The Bushnell E3 has a red-glow flash that helps with taking pictures at night, and the interpolated 16MP camera makes way for clear daytime photos. The trail cam has a detection range that runs up to an impressive 80 feet, while picture trigger speed is at 0.17s.
There are multiple settings that you can adjust to meet your specifications, and the programming of the camera is relatively straightforward. The camera takes 8 AA lithium batteries, and while you can use rechargeable ones, it’s not suggested.
What's to like about the Bushnell 16MP Trophy Cam HD Essential E3 Trail Camera
Undoubtedly one of the best features of the Bushnell E3 is the clarity of the daytime pictures. They are bright, have incredible depth, and adjust for different lighting conditions.
The waterproof design is something else that makes it appealing, along with being able to use a standard SD card. The sizes of the files aren’t as large as some other cameras, so we were able to store a couple of thousand photos on an 8GB SD card.
What's not to like about the Bushnell 16MP Trophy Cam HD Essential E3 Trail Camera
Unlike the daytime photos, the night images weren’t nearly as impressive. They are still decent quality, but given the clarity of night-mode pictures from Bushnell’s previous models, we weren’t overwhelmed.
Additionally, the battery life is extremely below average, regardless of the type of batteries used. There’s also an occasional hiccup with the recovery mode that was noticed in every 10th to 20th picture.
Depending on the trail camera that you’re looking at, there are going to be different features that catch your eye. However, all cameras have essential elements included its components, and that’s what we’re looking at today.
While the higher the megapixels, the better the resolution of your photo, it shouldn’t be a deciding factor when purchasing a trail camera because there are factors that need to be considered. Your camera might suggest that it’s shooting at 12MP, but because of interpolation, that’s not the case.
Essentially, interpolation splits the current pixels instead of creating more of them. However, you don’t need to worry; unless you’re hanging your photos on giant billboards, a low megapixel number is fine. The only accurate way to confirm your photo quality is to test your camera at different megapixels. Keep in mind that your night photos should be kept at a low setting.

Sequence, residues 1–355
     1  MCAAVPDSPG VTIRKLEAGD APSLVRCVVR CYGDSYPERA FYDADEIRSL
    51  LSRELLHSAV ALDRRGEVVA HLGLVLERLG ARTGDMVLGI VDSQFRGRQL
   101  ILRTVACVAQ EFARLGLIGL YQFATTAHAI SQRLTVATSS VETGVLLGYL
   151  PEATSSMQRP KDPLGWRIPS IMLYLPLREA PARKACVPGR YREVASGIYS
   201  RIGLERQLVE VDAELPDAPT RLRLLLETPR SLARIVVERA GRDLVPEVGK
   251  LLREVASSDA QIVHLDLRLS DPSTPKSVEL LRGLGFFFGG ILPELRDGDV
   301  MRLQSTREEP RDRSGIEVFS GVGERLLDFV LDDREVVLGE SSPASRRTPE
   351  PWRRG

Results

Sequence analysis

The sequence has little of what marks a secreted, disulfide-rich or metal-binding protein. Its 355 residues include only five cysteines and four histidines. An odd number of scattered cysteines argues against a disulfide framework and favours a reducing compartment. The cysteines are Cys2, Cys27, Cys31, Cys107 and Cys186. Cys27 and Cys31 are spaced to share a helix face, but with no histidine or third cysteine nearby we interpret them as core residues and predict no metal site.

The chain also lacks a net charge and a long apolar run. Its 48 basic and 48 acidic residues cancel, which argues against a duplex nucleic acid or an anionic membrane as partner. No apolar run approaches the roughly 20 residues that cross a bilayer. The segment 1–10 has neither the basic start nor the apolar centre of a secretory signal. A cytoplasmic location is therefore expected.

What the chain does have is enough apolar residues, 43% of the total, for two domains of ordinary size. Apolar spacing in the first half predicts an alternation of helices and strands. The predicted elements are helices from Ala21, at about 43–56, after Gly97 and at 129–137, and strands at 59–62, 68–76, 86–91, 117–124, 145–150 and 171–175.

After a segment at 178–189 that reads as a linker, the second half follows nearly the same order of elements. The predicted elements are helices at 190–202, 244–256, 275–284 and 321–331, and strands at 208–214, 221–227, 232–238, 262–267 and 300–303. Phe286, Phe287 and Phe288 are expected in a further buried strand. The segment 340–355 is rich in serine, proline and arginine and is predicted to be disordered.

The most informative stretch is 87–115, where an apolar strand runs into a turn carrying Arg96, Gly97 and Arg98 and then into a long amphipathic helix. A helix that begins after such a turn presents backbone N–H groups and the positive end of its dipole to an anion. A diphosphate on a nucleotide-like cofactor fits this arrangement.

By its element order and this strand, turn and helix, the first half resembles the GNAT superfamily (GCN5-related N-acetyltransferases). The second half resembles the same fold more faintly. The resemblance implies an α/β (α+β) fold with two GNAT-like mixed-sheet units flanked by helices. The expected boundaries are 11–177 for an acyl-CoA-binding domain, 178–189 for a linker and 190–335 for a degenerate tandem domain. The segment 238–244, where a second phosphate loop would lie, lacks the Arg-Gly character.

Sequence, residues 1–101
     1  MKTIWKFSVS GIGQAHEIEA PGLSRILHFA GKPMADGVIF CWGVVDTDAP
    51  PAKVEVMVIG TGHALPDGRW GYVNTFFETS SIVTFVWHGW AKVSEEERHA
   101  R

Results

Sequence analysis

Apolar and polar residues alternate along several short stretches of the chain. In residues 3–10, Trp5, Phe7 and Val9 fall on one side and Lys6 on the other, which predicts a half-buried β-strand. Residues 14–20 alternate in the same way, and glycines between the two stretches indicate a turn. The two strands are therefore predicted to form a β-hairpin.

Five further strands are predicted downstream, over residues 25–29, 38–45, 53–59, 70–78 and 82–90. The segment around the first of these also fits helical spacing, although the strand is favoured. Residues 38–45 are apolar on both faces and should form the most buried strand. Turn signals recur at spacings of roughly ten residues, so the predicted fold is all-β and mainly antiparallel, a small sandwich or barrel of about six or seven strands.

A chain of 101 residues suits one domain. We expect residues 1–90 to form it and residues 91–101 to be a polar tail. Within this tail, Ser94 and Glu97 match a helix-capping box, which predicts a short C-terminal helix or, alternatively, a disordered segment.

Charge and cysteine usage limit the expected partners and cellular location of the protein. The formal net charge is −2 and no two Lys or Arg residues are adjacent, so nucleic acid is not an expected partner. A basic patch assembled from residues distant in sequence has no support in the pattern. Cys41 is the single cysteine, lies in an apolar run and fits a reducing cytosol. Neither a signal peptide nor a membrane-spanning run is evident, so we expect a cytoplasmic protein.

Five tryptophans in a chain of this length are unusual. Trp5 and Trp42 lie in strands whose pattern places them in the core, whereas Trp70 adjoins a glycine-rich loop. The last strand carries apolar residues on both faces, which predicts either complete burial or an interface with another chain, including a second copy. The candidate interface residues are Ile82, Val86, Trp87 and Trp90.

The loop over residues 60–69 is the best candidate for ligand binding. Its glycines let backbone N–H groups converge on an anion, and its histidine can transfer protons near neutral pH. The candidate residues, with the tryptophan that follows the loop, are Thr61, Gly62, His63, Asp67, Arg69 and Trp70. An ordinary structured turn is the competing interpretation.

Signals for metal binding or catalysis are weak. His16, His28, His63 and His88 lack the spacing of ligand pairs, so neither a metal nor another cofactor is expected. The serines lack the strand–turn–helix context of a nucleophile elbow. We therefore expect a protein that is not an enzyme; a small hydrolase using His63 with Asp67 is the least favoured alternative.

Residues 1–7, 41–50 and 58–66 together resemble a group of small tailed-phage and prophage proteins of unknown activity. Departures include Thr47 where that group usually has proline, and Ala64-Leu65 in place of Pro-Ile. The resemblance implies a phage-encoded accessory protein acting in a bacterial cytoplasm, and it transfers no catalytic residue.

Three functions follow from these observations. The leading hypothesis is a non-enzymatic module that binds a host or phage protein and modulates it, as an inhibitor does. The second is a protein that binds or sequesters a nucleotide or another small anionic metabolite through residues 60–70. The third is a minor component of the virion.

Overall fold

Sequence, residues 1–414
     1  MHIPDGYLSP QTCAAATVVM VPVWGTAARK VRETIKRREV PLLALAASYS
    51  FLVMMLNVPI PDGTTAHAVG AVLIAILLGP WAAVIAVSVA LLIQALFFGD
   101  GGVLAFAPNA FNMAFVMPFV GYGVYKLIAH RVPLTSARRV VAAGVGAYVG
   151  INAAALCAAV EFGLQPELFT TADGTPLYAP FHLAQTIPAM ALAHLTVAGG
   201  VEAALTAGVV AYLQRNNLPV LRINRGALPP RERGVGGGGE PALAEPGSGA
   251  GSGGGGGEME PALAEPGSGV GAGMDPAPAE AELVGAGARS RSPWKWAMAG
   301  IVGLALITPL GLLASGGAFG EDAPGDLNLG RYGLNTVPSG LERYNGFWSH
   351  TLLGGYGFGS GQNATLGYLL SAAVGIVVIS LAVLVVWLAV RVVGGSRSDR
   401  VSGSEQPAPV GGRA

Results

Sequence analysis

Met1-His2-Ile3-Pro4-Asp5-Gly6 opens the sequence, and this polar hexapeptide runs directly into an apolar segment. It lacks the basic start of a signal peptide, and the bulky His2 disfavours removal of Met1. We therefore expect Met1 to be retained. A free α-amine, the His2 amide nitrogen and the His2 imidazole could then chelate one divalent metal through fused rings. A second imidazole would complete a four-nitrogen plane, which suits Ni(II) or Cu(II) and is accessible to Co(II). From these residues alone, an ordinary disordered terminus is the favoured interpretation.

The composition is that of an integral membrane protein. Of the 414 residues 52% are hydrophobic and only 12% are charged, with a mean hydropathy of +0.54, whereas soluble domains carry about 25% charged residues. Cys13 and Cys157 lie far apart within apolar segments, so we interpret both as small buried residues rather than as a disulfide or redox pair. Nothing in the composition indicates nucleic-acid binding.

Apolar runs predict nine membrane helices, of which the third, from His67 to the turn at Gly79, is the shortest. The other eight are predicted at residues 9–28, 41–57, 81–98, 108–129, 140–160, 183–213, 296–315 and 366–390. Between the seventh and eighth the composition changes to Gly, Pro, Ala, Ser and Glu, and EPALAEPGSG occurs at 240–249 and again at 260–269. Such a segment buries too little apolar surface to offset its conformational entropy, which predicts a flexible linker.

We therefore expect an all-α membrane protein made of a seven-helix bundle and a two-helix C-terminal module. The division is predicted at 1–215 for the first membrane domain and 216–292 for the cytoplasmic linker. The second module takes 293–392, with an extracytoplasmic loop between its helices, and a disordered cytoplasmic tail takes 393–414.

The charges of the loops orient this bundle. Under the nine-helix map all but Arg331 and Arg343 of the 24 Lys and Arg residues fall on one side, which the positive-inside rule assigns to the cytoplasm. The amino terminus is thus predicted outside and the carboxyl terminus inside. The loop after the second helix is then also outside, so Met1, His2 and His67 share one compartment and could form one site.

The detection circuit of your trail camera refers to the distance that the sensors can detect any motion that triggers the camera’s picture capturing or video sequence. Typically, long-range cameras are used in the wild, as the movement from upwards of 100 feet can be detected.
If you have a low range of area that you need covered, then cameras with less than a 60-foot detection range could be acceptable, though the standard range of distance is 60-70 feet.
Trigger Speed and Recovery
By definition, the trigger speed on a trail camera is the amount of time from when a camera first picks up the motion to when it captures the photo of what set off the sensors. The trail cam’s recovery speed is the amount of time it takes the camera to reset itself to take the second triggered photo after the first is captured.
Logically, the faster the trigger and recovery speed, the higher the amount of picture and video surveillance data you get.
When you’re purchasing a trail camera, it’s good to understand the type of flash that it comes with, and whether or not it suits your needs. In most cases, there are three primary types of flash that you can get with your trail cam, and that’s what we are breaking down.
Trail cameras that come with white flash have an effect that’s similar to a digital camera. The flash is a white light that goes off at night to capture the image of what trigged the sensors, but it’s not recommended if you’re taking pictures of anything you don’t want to scare off.
No-glow and low-glow (red-glow) cameras work the same way. They take the photo at night, but instead of white light, the camera gives off a red glow from the IR (infrared) emitters. It’s faint, commonly missed, and the most recommended cam for hunters who don’t wish to scare off the game. No-glow cameras do the same; however, the image quality is slightly lower as it doesn’t emit any light whatsoever.
Many variables need to be taken into consideration when seeking the best battery for your trail camera. Things such as your photo and video settings are going to affect the longevity of your camera’s batteries. Under normal circumstances, the two types of batteries that get used in trail cams are lithium, and nickel metal hydride (NiMH) rechargeable batteries.